As an Android developer by day, I’m used to writing rigorous unit tests, taking
advantage of nice tools and libraries like JUnit and Mockito. However, as a
hobbyist game developer by night, I feel like my game project is a bit lacking
in terms of testing. How about we fix that?
First off, LibGDX doesn’t sport any unit tests for your game project whatsoever.
The project itself has lots of tests, which is nice, but they are Eclipse-only
at the time of writing this and don’t really lend themselves to properly testing
your own code. For instance, the base classes for the tests such as GdxTest
are not available for your production code. Bummer.
However, let’s not give up just yet. Getting your unit tests up and running takes
just a bit of extra effort. With your fresh game project created (or an
old one loaded up), let’s open the project-wide build.gradle and navigate to
the core project portion. You should see something like this:
Nothing special here - just the dependencies for LibGDX and some other stuff
you might have included. Now, we just need three new lines here. First, before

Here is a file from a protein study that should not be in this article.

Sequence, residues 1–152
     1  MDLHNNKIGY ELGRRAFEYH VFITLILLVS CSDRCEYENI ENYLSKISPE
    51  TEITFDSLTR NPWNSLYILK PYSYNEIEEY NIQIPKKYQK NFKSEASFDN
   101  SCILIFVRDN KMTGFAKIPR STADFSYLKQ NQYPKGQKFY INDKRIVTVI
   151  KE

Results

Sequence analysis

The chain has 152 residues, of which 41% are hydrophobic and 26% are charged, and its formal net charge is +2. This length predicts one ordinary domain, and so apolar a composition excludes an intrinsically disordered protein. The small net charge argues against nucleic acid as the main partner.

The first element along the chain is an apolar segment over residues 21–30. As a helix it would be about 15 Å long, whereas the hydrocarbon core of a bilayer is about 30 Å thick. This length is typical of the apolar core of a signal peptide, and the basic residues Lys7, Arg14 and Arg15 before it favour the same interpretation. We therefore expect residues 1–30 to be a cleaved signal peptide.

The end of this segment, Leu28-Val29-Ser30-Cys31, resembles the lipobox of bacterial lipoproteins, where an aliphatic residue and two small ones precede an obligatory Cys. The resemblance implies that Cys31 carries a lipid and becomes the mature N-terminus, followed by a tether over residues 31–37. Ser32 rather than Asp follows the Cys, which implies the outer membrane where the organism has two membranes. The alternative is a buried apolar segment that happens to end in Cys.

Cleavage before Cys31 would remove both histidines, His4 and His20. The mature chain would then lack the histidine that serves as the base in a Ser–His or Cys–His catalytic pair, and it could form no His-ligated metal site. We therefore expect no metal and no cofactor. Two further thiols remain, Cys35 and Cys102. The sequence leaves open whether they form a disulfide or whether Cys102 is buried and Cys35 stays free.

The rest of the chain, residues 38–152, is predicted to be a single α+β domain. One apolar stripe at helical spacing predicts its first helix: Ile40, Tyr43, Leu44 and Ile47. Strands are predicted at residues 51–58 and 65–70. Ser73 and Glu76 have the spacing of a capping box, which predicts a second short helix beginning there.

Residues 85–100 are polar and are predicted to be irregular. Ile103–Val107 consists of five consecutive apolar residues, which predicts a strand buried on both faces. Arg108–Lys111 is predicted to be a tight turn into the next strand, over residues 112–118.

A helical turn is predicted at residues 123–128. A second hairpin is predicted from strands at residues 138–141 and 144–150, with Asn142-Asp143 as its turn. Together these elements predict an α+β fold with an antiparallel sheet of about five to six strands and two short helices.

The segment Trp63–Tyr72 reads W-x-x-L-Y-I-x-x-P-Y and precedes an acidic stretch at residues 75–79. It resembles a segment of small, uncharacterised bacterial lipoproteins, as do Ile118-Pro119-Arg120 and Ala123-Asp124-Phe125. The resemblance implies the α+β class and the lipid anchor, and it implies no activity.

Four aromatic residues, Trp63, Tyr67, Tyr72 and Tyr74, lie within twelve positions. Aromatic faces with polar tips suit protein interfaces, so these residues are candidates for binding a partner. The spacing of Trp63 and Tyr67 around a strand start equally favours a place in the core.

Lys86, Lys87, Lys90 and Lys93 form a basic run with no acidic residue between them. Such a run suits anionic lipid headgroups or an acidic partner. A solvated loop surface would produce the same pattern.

the dependencies, we declare the source directory for our unit tests:
This tells the project that your tests are located inside a folder called test,
just like when you’re working on an Android project. Next, let’s add two dependencies
for JUnit and Mockito:
Let’s create our first unit test now. Open a class you’d like to write your test
for, place your caret on the class name and hit Alt + Enter. This should Open
a contextual menu with the option “Create Test”.
Now, let’s write a simple test. I’ll write my test for my own class called
TilesetHandler which is a simple class for managing textures and tilesets.
My test would look something like this:
So far so good, but what happens when I try to run this?
Err… It appears that we don’t have the native dependencies of LibGDX when
we try to run our test. Well, let’s solve that! If you recall from our test
dependencies, there was a dependency for gdx-backend-headless which is normally
used for running your LibGDX application on a server. We can also use this headless
backend to run our tests!
First, let’s create a new test class called GameTest that will be the base
class for all our upcoming tests.
One more thing: make our actual test class extend from GameTest:
And there we go! Now your test should work as intended. Whoo!
LibGDX is a powerful library and framework to make games in, but unfortunately
unit testing your own code is made a tad difficult. Hopefully this post helps you
on your journey to greater test coverage and better quality of your code!